Broker Check

800-244-9373

 

Dorion-Gray Capital Management® Weekly Commentary September 6, 2016

| September 06, 2016
Share |

THE MARKETS...

U.S. stocks rose Friday. The advances followed a payrolls report that was lower than predicted, lowering expectations of a September rate hike. For the week, the Dow rose 0.61 percent to close at 18,491.96. The S&P gained 0.56 percent to finish at 2,179.98, and the NASDAQ climbed 0.59 percent to end the week at 5,249.90.

Lower Oil Prices –

Of the 79 American companies that have defaulted on corporate debt in the 12 months ending June 30, 45 (i.e. 57 percent) represent companies in the energy and natural resources industries (source: S&P Global Fixed Income Research, BTN Research).

Up Big –

Interest payments on our national debt are projected to nearly triple over the next 10 years, rising from $248 billion in fiscal year 2016 to $712 billion in fiscal year 2026 (source: Congressional Budget Office, BTN Research).

Sensitive -

The duration of the 30-year T-bond as of Aug. 26 was 21.687 years, i.e., a one percent increase in the current yield of the long bond will reduce the value of the bond by 21.687 percent (source: Ryan ALM, BTN Research).

WEEKLY FOCUS – Who Needs Life Insurance?

According to industry groups Life Happens and LIMRA, 63 percent of Americans consider life insurance a necessity, but 43 percent don’t have any; 30 percent don’t think they have enough; and 19 percent only have group life insurance through their employer, which is often inadequate. In recognition of Life Insurance Awareness Month, let’s review who should consider acquiring life insurance if they haven’t done so.

Obviously, family breadwinners should have adequate life insurance, whether they are male or female. But according to a LIMRA survey, women 55 and older are less likely than men to have any life insurance, and women of all ages have less coverage than men in similar age groups. A stay-at-home parent should also have insurance to help their remaining spouse pay others to provide services they now perform. And even an individual who doesn’t have dependent children may have others depending on their support – such as aging parents or a disabled sibling.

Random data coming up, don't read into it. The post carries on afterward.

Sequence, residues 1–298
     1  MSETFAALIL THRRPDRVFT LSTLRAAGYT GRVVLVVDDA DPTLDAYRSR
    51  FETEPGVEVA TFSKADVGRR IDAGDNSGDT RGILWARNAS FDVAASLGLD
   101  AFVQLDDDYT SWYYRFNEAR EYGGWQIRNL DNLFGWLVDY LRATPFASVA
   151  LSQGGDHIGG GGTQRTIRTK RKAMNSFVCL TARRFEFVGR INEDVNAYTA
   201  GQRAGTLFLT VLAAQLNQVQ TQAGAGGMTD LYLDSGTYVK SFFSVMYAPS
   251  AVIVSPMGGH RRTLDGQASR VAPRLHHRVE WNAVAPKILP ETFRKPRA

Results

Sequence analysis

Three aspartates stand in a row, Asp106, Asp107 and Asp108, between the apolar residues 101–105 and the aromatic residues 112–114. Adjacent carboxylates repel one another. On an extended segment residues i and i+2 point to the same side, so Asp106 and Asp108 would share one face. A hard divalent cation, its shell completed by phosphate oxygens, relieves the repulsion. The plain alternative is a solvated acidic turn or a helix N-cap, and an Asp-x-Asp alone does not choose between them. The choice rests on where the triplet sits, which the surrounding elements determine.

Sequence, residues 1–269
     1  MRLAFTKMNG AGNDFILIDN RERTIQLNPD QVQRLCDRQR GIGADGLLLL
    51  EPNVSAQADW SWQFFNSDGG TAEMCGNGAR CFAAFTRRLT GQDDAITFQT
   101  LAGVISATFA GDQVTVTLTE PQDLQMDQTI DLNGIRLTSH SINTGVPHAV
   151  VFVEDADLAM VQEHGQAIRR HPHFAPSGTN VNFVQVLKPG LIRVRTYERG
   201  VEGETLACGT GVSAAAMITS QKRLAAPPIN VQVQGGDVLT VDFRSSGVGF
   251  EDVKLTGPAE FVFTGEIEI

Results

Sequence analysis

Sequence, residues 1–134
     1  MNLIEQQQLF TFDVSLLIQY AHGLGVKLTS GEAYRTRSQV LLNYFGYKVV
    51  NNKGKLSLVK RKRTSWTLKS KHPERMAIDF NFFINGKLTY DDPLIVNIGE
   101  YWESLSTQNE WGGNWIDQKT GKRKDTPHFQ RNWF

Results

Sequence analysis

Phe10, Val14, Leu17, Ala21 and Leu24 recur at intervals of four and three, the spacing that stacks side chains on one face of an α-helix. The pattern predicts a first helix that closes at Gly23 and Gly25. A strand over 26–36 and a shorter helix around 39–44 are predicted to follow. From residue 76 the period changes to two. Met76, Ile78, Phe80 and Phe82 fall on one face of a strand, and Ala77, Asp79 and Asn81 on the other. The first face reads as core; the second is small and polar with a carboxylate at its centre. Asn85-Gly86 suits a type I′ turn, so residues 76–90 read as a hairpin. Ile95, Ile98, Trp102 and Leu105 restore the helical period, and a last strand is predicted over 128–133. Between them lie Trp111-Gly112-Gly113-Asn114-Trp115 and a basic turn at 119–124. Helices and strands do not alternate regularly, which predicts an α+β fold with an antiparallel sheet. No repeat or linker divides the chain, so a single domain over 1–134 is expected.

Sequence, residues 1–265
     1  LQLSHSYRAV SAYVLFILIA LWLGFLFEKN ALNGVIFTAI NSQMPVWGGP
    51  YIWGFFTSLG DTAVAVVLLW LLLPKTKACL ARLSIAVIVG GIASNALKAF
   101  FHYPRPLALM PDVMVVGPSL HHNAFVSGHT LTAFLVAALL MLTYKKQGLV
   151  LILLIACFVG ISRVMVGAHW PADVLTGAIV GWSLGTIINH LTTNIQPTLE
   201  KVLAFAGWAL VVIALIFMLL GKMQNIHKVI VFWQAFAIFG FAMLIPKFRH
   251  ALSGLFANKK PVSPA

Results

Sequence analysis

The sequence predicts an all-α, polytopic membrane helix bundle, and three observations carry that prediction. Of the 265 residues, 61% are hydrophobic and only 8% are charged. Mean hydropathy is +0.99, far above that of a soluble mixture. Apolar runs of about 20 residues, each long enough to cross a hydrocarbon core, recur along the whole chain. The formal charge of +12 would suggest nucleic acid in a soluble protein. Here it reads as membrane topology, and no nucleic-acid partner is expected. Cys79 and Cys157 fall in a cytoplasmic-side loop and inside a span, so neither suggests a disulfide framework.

Unless a single individual has adequate savings to cover funeral expenses, they should at least have a small policy. If parents or grandparents co-signed for their school loans or other debt, they should have a larger policy to protect their co-signers. Business owners often need policies to pay off business debts or enable their heirs to pay estate taxes.

Investors who have maxed out other retirement plans may benefit from the tax-advantaged growth potential of life insurance, while individuals who don’t have a lot of wealth may use life insurance to provide an inheritance for loved ones.

Buying a policy for children can give them a head start on savings and provide something they can borrow against in the future. If there are hereditary health risks, it may be wise to secure life insurance for a child so they don’t run the risk of failing a medical exam and being disqualified later in life.

Please contact our office if you need help evaluating how much life insurance you need or determining whether your current coverage is adequate. We can handle your insurance needs at our office, work with your existing insurance agent or recommend an agent to work with you.

The Dorion-Gray Team

Securities offered through Securities America, Inc., Member FINRA/SIPC. Advisory services offered through Securities America Advisors, Inc. a Registered Investment Advisory Firm. Dorion-Gray Retirement Planning is a trade name of Dorion-Gray Financial Services, Inc. located at 2602 IL Route 176, Crystal Lake, IL 60014. Dorion-Gray and the Securities America companies are separate, unaffiliated entities.

Diversification seeks to reduce the volatility of a portfolio by investing in a variety of asset classes. Neither asset allocation nor diversification guarantee against market loss or greater or more consistent returns.

© 2013. Dorion-Gray Financial Services, Inc.

Share |